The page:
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Ben Hur In Stepney

October 9, 2019
by the gentle author

The Palaseum Cinema (also known as the Ben Hur) painted by Doreen Fletcher, 1985

Ian Ben Hur, grandson of Ben Hur who was both projectionist and proprietor at the Palaseum Cinema in White Horse Rd, Stepney from 1917, sent me this glorious film celebrating a party thrown by his grandfather for eight hundred children at the Jubilee of 1935. Ben placed a camera on the front of a car to take some of the shots and showed the completed film to audiences at his cinema. How much I would love to have been there to witness their reaction.

Too often, we think of the East End in the thirties as defined by social problems, the poverty and deprivation, and the rise of fascism, yet these images confront us with the vitality of that society. The delightful sequences of crowds arriving at the cinema remind me of the Lumiere Brothers’ film of workers leaving the factory, with spectators offering spontaneous greeting as they recognise the camera. Above all, the wonder of this film is the exuberance of the community which is conveyed and no viewer can fail to be touched by these joyful personalities presenting themselves to the lens with such confident self-possession.

Ben Hur was born Henry Ben Solomon, but changed his name by deed poll to Ben Hur after gaining fame by beating a market bully who was a bare-knuckle boxing champion after seventy-seven rounds. He made money with a stage act as The World Strongest Man and used it to buy businesses including the Palaseum. Renowned for his charitable endeavours including donations to the Royal London Hospital, Ben lived until in 1960.

The Ben Hur cinema which was also known as the Palaseum was converted to a bingo club in 1962 and then a snooker club in the eighties, closing in 2007 before the building was demolished in 2008.

Celebrations in Challis Court by Rose Henriques (Courtesy of Tower Hamlets Local History Library & Archives)

9 Responses leave one →
  1. Paddy Kerr permalink
    October 9, 2019

    ‘After seventy seven rounds’ – can that really be right? Sounds like a physical impossibility.

    Would love more stories of the history of the Easr End – a rich mine indeed for the story telling talents of the Gentle Author. It would be good to hear how integration worked and how this benefitted the area as a whole. Failing that – an update on how your new cat is getting on? I still miss Mr Pussy. Best wishes to all GA fans. Paddy Kerr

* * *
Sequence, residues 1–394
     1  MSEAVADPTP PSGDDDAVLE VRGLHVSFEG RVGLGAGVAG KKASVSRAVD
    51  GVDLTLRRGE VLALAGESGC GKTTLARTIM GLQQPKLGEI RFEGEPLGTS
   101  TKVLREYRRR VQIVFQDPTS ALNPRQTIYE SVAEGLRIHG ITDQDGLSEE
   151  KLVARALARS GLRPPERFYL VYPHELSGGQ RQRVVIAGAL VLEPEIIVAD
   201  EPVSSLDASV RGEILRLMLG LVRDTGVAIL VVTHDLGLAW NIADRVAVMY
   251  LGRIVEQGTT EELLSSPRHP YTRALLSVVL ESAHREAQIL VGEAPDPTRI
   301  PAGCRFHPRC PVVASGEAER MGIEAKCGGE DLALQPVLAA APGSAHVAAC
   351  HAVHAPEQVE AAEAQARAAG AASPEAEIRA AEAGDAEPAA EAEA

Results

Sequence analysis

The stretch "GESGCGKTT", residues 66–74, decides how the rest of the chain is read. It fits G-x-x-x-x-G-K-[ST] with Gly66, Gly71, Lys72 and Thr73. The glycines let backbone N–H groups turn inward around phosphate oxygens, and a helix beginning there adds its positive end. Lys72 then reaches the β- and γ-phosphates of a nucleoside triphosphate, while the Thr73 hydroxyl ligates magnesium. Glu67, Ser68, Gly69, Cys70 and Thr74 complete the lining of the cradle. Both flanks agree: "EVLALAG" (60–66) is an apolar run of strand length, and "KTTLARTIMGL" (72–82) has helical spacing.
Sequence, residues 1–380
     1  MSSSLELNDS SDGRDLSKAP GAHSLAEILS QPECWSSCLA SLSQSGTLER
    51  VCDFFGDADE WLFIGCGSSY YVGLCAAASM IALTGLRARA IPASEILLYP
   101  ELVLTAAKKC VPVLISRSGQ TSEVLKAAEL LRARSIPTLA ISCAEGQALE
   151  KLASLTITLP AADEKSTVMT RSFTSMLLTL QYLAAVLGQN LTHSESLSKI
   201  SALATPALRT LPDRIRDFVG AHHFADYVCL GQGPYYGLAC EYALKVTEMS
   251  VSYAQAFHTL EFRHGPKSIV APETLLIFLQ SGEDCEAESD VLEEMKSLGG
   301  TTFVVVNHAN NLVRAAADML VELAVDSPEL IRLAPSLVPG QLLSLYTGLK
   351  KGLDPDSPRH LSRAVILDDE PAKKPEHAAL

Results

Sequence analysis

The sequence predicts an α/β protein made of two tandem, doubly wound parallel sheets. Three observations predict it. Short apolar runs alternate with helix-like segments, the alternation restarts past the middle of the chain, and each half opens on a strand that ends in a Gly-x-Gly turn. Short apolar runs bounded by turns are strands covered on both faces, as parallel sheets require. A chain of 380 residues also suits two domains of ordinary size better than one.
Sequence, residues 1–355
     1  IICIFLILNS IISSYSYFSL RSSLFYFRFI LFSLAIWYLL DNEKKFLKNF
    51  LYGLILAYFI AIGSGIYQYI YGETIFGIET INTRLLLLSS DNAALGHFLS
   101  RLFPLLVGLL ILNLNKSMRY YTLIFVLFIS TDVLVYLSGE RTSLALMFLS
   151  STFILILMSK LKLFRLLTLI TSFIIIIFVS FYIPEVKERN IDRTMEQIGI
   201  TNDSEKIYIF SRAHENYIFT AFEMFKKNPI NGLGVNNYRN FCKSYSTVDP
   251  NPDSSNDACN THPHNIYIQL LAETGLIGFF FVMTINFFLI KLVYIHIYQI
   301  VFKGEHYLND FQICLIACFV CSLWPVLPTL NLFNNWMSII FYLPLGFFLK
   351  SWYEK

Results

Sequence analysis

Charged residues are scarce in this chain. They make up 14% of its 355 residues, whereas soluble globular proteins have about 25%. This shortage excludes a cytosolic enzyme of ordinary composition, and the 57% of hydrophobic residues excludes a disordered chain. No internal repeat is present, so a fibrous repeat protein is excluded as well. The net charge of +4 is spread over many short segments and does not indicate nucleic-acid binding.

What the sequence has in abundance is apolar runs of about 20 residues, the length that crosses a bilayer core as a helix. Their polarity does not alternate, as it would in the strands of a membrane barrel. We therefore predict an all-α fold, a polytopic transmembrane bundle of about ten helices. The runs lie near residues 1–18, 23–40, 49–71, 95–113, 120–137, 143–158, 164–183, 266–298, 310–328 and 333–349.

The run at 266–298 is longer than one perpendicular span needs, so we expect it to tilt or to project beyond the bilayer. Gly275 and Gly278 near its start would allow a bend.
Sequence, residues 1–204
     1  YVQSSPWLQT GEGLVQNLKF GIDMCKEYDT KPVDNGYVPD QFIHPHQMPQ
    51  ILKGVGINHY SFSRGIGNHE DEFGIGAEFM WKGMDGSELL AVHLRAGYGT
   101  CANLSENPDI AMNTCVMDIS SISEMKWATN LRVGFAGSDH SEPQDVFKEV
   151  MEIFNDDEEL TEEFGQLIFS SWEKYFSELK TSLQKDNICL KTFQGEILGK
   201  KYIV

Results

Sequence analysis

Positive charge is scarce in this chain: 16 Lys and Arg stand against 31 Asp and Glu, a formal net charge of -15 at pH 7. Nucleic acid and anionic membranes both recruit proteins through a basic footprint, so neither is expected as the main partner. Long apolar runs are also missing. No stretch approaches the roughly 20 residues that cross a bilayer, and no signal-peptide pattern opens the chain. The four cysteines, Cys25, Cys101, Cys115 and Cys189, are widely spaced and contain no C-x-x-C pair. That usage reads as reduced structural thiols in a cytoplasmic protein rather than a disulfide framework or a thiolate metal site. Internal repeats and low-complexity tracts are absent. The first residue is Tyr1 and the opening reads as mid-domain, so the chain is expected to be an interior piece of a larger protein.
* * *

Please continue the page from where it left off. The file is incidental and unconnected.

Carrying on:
2. Jill Wilson permalink
    October 9, 2019

    Lovely to see so much exuberant enjoyment on the East End streets!

    But as with films of Edwardian England which always makes one wonder how many survived the Great War, one wonders how many of the Stepney folk in this film lost their lives, families and homes in the Blitz…

  3. October 9, 2019

    Absolutely delightful. I loved it.

  4. Paul Loften permalink
    October 9, 2019

    The East End threw up some tough characters. Some on the right side of the law. The Jewish gangsters at the time, the most widely known was Jack Spot, is another untold story

  5. October 9, 2019

    Loved the film. Thank you!

  6. Libby Hall permalink
    October 9, 2019

    Wonderful! wonderful!! I know I will watch this again – more than once.
    Who could be downhearted looking at those exuberant smiling faces?
    Such a glorious connection to the past. Our past. My past. The East End’s past.
    Wonderful!

  7. Maddy Johnson permalink
    October 9, 2019

    An absolute delight to watch this; I echo the comments of Jill Wilson and wonder how many of those kids were evacuated; how many enlisted or called up, what was their fate; and of course the effect of the Blitz on all those happy people. But here you can see the community spirit that saw them through. Thank you for sharing this wonderful film.

  8. Anne Scott permalink
    October 9, 2019

    Thank you so much for posting this!

  9. Ros permalink
    October 10, 2019

    Fabulous piece of film and I love the connections with Doreen’s evocative painting and Rose Henriques’s transformation of the stances and sturdiness of parents and children into paint. I could watch the piece of film over and over, for the variety of places and people it shows and their unambiguous pleasure in celebrating and seeing themselves on screen. And yes, people look healthy, proud and well-dressed. I’d like to know where the street markets are and whether the streets still exist.

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